Safety Moment #16: Drainage Systems

Book Plant Design and Operations

The 2nd edition of the book Plant Design and Operations is at the printers. In it we try to provide practical and relevant information that can be used in both the design and operation of process facilities. One section of the book discusses drainage systems. These systems, like so many other utilities, have the potential to be very hazardous because they connect different parts of an operation unit to one another. (Safety Moment #10 discusses the hazards to do with utility systems.)


Drainage systems have the following purposes:

  • Ensure that accidentally spilled flammable and toxic liquids flow to a safe location.
  • Provide a means for safely and environmentally responsibly disposing of liquid inventory.
  • Properly handle surface water, particularly rain water.

All equipment should have a valved drain unless it can be completely drained using connected piping. If the equipment contains slurries then the drain connections should be DN 25 or greater.

Many process facilities have more than one type of drain system. These could include any of the following.

  • Oil-free water.
  • Potentially oil-contaminated water such as might occur from a tank leak.
  • Continuously oil-contaminated water such as from process equipment or maintenance activities.
  • Firefighting or cooling water.
  • Domestic sewage.

A facility can have as many as three different types of drain system: closed, open and domestic.

  1. A closed system, which may be under pressure, is designed for the safe handling of flammable and toxic materials. It is hard piped from process vessels and equipment.
  2. The open drain system collects surface water from sources such as rainwater, floor/deck wash-down and drip pans. The water from the open drain system is collected and any entrained oil is skimmed off.
  3. The domestic drain system collects water and sewage from unclassified loations and buildings.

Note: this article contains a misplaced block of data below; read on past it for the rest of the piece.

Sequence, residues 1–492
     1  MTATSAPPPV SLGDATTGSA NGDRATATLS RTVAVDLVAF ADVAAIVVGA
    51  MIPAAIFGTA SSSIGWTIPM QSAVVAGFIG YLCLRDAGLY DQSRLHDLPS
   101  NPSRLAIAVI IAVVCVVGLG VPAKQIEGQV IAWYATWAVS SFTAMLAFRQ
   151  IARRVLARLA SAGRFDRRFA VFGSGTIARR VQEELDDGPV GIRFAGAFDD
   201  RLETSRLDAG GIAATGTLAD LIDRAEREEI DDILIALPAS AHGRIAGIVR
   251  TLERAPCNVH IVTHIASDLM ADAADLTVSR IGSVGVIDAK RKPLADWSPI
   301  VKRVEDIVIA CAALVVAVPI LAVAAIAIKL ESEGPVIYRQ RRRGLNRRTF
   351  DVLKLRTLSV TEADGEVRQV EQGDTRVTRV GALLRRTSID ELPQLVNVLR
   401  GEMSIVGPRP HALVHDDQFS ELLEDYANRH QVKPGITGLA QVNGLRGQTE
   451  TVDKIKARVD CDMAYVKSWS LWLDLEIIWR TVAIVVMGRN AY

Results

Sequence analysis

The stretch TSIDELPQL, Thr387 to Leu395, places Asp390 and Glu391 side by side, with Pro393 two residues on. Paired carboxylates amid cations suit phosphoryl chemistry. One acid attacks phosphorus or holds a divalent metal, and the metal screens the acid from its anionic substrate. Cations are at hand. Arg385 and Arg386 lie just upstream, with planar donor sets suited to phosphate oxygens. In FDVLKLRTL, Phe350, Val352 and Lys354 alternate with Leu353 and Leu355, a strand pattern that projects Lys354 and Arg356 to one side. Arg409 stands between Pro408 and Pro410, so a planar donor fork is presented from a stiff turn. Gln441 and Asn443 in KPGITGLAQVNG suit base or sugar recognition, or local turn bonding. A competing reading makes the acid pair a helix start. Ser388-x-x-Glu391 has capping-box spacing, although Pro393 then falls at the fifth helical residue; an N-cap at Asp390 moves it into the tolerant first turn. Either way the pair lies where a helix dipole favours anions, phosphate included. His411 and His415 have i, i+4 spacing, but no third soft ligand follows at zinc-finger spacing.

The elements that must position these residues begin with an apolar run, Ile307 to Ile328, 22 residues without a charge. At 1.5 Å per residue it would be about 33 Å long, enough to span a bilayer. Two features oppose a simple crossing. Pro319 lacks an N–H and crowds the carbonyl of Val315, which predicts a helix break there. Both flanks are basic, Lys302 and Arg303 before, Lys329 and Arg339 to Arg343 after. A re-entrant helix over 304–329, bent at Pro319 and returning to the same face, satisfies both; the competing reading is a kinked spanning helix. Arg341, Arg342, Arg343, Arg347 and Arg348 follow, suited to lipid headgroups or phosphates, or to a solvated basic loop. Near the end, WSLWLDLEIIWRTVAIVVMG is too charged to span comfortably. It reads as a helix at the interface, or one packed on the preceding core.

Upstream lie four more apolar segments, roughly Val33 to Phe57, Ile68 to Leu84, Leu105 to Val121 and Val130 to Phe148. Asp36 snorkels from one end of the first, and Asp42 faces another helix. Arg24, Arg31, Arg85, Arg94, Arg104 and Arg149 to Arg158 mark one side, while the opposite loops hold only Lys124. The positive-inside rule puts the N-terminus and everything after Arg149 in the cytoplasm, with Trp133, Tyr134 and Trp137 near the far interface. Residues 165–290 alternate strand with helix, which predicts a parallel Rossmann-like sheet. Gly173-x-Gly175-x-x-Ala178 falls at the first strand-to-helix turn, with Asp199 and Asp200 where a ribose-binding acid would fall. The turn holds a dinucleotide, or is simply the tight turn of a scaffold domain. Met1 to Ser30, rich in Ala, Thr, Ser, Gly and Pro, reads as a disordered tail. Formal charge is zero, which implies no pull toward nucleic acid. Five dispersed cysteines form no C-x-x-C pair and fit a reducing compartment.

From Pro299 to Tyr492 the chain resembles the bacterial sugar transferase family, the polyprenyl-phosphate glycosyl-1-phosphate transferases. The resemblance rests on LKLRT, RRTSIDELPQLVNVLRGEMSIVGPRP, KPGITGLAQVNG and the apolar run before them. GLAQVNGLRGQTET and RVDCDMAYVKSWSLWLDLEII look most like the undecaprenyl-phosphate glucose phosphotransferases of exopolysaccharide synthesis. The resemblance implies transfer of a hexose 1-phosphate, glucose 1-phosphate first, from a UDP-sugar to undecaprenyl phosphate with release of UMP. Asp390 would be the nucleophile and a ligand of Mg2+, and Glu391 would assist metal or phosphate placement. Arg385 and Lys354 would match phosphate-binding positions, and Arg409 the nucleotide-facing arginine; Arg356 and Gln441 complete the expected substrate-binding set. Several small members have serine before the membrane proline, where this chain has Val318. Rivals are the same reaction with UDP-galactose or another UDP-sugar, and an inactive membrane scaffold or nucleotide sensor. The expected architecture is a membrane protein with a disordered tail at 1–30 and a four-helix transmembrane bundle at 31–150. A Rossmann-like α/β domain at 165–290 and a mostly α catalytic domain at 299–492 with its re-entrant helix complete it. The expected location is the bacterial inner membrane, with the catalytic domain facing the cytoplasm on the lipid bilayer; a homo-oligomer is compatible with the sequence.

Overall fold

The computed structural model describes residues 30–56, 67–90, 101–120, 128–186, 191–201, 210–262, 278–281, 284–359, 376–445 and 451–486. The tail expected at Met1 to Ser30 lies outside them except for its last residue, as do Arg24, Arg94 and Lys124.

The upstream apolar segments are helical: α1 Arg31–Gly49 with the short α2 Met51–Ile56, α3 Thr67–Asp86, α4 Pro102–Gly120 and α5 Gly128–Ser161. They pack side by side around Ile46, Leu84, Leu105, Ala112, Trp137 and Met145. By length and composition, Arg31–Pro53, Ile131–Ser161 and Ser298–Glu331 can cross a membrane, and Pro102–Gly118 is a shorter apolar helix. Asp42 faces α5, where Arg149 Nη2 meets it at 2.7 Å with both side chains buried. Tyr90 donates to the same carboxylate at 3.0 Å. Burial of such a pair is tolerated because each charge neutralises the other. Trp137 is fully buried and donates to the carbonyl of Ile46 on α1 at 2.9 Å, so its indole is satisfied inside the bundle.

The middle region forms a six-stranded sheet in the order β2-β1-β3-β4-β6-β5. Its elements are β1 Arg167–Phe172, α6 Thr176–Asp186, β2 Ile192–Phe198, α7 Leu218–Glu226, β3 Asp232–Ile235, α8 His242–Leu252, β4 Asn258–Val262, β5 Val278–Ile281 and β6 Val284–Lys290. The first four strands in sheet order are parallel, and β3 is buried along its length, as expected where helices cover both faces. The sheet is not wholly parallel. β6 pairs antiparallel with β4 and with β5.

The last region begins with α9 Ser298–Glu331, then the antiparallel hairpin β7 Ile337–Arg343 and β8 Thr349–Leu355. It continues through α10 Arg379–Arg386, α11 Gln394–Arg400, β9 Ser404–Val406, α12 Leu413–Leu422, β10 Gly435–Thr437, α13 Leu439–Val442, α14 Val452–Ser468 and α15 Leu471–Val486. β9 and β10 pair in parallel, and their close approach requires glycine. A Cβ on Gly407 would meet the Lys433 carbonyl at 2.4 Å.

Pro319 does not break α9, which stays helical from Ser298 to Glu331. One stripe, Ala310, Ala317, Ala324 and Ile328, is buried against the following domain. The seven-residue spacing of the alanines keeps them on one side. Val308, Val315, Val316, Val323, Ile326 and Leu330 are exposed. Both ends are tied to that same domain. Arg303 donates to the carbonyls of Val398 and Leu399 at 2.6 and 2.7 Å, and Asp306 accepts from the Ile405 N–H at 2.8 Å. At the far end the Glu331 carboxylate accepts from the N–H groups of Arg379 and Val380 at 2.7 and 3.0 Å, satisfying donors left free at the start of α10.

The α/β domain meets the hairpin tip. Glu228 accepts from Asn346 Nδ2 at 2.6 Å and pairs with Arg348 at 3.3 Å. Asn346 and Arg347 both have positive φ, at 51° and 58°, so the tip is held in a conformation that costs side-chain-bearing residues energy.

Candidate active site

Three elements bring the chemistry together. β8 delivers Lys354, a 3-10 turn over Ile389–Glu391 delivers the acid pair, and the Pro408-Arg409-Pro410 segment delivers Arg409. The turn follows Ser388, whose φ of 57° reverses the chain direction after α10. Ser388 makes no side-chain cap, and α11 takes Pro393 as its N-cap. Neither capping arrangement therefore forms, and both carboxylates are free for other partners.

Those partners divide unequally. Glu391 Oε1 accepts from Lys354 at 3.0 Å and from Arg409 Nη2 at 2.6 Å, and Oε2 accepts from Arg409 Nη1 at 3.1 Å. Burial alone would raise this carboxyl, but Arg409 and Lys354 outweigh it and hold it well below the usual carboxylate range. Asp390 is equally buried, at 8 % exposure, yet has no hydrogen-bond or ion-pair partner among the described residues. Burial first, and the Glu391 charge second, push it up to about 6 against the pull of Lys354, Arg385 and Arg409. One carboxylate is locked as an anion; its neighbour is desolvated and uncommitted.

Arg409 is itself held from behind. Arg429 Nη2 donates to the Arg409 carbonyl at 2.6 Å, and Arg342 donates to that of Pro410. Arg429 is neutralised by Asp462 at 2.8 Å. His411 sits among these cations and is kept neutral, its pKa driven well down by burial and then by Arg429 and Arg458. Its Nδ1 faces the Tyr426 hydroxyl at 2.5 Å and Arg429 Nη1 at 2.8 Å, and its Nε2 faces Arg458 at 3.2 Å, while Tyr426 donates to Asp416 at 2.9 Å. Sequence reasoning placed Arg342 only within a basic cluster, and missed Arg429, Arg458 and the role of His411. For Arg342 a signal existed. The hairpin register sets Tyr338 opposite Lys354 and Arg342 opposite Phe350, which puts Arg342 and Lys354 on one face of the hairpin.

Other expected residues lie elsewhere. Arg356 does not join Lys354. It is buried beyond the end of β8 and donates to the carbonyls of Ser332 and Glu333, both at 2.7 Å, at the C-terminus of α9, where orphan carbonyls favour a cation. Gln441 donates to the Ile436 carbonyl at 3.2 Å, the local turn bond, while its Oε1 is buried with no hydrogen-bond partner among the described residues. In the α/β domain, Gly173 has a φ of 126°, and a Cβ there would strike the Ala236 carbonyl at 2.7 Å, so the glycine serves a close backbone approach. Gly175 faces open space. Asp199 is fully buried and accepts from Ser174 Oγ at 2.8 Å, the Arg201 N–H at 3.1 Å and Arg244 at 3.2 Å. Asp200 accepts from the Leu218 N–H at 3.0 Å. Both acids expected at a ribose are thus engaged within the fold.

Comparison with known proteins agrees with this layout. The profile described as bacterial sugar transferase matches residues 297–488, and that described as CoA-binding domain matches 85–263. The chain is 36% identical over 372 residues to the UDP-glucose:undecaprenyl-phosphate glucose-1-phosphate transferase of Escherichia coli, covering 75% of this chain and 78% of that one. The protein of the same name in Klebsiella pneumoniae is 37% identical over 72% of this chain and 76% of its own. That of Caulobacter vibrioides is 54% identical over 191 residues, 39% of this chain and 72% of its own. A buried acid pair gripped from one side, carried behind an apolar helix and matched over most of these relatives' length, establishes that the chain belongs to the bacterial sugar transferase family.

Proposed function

It is critical that the systems remain separate and that there are no interconnections between them. In particular, drains from the process areas must not enter unclassified non-process locations. Otherwise flammable or toxic vapors may be released in non-classified areas. In particular, open drains should not be located close to occupied buildings. On the other hand, drainage from the non-process areas should not enter the process drains so that the oil-water sumps and treatment facilities are not overloaded with water that does not require treatment.

Drainage systems in process facilities
Source: Pixabay

Drains often connect different parts of the facility with one another. Therefore they have the potential to transfer hazardous or flammable materials (which may be on fire) from one location to another. They create the possibility of unforeseen chemical reaction and, if air is mixed with hydrocarbon vapors in the drain, can create an explosive mixture. Also drains can overflow, thus leading to the possibility of hazardous chemicals entering locations where they are not expected.

For all these reasons the drain system should be designed so as to:

  • Handle the worst case credible spill along with the water runoff associated with any deluge and/or firefighting activities.
  • Limit the maximum horizontal spread of a spill. (Curbs or drip pans should be provided around vessels, pumps and other sources of leakage to limit the spread of small spills.)
  • Prevent spilled material from accumulating under vessels or equipment.
  • Not to be blocked with solid waste.
  • Easy to inspect and clear as necessary.
  • Slope away from storage areas and have sufficient capacity to handle large volumes of firewater.

Because drain lines are often are often low diameter and are located at grade they may be damaged by being walked on or by having wheeled equipment being rolled over them, particularly if workers need a short cut from one area to another. In such cases the drain system should be protected and/or alternative walkways provided.